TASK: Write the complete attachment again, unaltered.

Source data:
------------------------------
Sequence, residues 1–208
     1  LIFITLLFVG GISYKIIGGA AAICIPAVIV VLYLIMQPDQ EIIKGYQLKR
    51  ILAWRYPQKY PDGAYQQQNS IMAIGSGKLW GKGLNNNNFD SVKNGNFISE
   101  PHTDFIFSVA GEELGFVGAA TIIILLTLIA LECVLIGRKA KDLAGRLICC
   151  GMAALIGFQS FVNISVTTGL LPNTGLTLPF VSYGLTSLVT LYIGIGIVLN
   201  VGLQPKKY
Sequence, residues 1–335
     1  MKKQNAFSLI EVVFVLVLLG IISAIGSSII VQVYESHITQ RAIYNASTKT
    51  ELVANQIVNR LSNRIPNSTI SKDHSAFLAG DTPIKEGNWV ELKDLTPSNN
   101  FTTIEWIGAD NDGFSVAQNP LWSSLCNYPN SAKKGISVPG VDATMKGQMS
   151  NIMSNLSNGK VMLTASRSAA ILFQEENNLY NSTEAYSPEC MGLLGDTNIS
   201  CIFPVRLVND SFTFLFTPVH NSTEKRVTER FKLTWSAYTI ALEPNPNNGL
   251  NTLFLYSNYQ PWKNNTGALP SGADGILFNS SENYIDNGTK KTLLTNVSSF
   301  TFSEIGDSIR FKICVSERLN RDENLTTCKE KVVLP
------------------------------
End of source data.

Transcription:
Sequence, residues 1–208
     1  LIFITLLFVG GISYKIIGGA AAICIPAVIV VLYLIMQPDQ EIIKGYQLKR
    51  ILAWRYPQKY PDGAYQQQNS IMAIGSGKLW GKGLNNNNFD SVKNGNFISE
   101  PHTDFIFSVA GEELGFVGAA TIIILLTLIA LECVLIGRKA KDLAGRLICC
   151  GMAALIGFQS FVNISVTTGL LPNTGLTLPF VSYGLTSLVT LYIGIGIVLN
   201  VGLQPKKY
Sequence, residues 1–335
     1  MKKQNAFSLI EVVFVLVLLG IISAIGSSII VQVYESHITQ RAIYNASTKT
    51  ELVANQIVNR LSNRIPNSTI SKDHSAFLAG DTPIKEGNWV ELKDLTPSNN
   101  FTTIEWIGAD NDGFSVAQNP LWSSLCNYPN SAKKGISVPG VDATMKGQMS
   151  NIMSNLSNGK VMLTASRSAA ILFQEENNLY NSTEAYSPEC MGLLGDTNIS
   201  CIFPVRLVND SFTFLFTPVH NSTEKRVTER FKLTWSAYTI ALEPNPNNGL
   251  NTLFLYSNYQ PWKNNTGALP SGADGILFNS SENYIDNGTK KTLLTNVSSF
   301  TFSEIGDSIR FKICVSERLN RDENLTTCKE KVVLP